For Jonathan Weiss, the developer of a proposed five-story student-housing project at 40th and Pine streets, the day’s news was a mixed bag. The proposal would require the demolition of a historic Italianate mansion, disfigured by decades-old additions, which is owned by the University of Pennsylvania.
In May, the Historical Commission voted 7-2 with one abstention to allow the structure to be demolished, but the decision was appealed soon after by members of the Woodland Terrace Homeowners Association and attorney Paul Boni. Lawyers for the development team submitted a motion to dismiss the appeal, saying the appellants had no standing in the case. On Tuesday afternoon, after a 90-minute hearing, the Board of L&I Review ruled that the appellants have standing, and the appeal can proceed.
A few hours earlier, in another room in the same building, the Philadelphia City Planning Commission voted to support the developer’s request for zoning variances for the proposed project. Both the Board and the Commission were explicit in saying that their decisions were discrete: the Commission supports the zoning relief without comment on the appeal of the demolition, and the Board will hear the appeal without consideration of the proposed development.
At the Board of L&I Review hearing, Matthew McClure of Ballard Spahr argued that the appellants who were trying to stop the demolition of the building have no standing to appeal because they do not have a “substantial, direct, and immediate interest in the subject matter.” Two of the appellants own but do not reside in properties adjacent to the historic property at 40th and Pine. McClure has argued that some of the appellants oppose the demolition because the structure that would replace would draw potential tenants away from rental properties surrounding it.
Citing a handful of state court cases, McClure argued that in order to have standing, the appellants must have an interest in the property that is greater than that of the general public’s. He also said that courts have ruled that economic interest alone is not enough for an appellant to have standing.
Andrew Ross of the City’s Law Department also argued that proximity to a historic structure was necessary but not enough to establish the legal standing required to file an appeal against its demolition.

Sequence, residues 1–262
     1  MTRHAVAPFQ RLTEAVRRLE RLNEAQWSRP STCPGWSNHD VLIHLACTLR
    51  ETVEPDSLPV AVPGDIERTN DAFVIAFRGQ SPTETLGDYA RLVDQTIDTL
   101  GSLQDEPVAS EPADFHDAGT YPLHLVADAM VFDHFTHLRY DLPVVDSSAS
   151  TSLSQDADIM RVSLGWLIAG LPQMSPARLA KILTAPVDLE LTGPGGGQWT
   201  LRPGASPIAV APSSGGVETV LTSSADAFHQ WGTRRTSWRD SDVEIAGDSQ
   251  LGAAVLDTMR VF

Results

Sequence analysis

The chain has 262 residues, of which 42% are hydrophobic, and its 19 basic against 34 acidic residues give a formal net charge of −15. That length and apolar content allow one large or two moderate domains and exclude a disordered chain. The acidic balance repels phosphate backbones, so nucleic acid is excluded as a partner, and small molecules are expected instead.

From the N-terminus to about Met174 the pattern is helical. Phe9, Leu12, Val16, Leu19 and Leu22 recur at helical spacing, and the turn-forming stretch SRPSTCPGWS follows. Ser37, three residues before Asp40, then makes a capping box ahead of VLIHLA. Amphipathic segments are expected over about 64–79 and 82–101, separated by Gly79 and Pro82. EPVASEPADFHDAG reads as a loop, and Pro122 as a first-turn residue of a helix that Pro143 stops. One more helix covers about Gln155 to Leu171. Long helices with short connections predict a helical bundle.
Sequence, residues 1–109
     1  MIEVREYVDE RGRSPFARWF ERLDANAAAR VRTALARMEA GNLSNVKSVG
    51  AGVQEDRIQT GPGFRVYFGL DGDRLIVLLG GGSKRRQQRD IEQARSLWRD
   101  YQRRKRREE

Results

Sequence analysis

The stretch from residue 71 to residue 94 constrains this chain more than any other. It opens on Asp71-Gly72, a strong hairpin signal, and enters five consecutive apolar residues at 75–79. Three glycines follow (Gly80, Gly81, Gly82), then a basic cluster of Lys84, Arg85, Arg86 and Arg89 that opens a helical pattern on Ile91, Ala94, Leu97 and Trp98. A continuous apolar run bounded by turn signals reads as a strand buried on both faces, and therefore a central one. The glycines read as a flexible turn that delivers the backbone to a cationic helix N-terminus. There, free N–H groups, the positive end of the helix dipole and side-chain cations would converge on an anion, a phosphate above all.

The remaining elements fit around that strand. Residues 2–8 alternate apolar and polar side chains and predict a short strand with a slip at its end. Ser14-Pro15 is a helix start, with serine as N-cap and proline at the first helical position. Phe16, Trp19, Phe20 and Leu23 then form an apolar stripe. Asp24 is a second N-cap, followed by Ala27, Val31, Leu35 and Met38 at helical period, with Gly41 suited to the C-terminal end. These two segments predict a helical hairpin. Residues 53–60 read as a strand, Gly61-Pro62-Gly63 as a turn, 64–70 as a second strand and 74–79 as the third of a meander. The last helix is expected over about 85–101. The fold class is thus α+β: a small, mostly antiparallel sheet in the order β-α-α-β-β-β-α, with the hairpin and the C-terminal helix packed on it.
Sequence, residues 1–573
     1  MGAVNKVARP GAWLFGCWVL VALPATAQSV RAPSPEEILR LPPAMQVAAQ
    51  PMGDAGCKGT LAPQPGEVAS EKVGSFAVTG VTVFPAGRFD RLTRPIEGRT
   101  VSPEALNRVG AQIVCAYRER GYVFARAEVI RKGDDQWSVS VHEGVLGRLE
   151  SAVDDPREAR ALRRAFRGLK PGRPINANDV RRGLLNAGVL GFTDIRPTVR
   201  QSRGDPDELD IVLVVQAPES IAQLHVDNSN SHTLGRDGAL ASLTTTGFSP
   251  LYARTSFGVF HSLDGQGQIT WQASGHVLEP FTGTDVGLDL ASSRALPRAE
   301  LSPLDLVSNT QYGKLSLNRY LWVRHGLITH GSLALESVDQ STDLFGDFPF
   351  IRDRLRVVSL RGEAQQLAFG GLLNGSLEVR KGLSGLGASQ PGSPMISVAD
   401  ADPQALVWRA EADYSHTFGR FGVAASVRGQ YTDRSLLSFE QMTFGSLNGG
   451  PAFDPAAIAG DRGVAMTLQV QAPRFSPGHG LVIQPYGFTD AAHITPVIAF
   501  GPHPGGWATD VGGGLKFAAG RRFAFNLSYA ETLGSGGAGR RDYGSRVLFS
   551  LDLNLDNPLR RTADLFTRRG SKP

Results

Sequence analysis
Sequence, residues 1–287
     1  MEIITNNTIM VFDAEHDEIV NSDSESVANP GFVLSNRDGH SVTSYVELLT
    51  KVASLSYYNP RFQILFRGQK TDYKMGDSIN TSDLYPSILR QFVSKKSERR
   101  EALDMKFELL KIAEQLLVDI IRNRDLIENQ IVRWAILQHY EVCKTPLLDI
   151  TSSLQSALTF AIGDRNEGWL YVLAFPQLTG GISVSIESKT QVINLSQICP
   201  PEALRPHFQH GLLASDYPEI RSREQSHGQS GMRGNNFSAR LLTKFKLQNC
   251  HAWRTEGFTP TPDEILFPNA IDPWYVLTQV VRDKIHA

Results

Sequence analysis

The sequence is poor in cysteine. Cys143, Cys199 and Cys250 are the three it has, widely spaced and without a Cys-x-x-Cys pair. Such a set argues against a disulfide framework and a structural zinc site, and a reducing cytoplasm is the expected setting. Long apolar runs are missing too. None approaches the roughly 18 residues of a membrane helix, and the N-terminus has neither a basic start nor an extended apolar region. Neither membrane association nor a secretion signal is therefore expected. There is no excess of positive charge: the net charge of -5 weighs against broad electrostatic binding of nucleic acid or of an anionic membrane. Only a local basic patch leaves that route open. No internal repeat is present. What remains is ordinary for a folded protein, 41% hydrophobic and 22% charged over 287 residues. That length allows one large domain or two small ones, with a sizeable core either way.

Referring to a different set of court cases, Paul Boni said the appellants’ legal standing is established merely by virtue of their ownership of property adjacent to the building in question. Boni said the nearby property owners’ interest in maintaining the historic structure was unrelated to any economic competition that might arise if the proposed development is allowed to proceed. He said he was “dismayed” that the motion to quash the appeal based on the appellants’ standing was filed at all.
Without explaining its reasoning, the Board unanimously voted to accept the appellants’ standing. The appeal will now proceed on the question of whether the Historical Commission was justified in allowing the demolition on the basis of financial hardship for the property owner. The next hearing is scheduled for October 16th, at 3 p.m.
After the hearing, Board members declined to comment on their decision because the case is ongoing.
“The Historical Commission fundamentally misapplied the law in allowing the demolition of this historic building,” said Paul Boni. “So it’s a good day for community groups and citizens of Philadelphia.”
Asked what he thought of the Board’s decision, Matthew McClure said, “We’ll accept it and move on.”
The Planning Commission, meanwhile, had unanimously elected to support zoning relief for the proposed project, a five-story, 66,000-square-foot, 122-unit apartment building to be marketed to graduate students. One of the variances sought by the developer is related to parking. The old zoning code, under which the applications were filed, requires that the building provide 122 parking spots, or one for every unit. The proposal includes zero parking spaces.
The developer’s team said the project is intended to be a Transit Oriented Development (TOD) project, and that the University of Pennsylvania has promised to provide parking spots to residents of the building at discounted rates in offsite garages. The Spruce Hill Community Association, in whose boundaries the site sits, also wrote a letter of support for the proposal to the Commission.
In testimony at the Commission meeting, SHCA President Ed Halligan called the site “an eyesore.”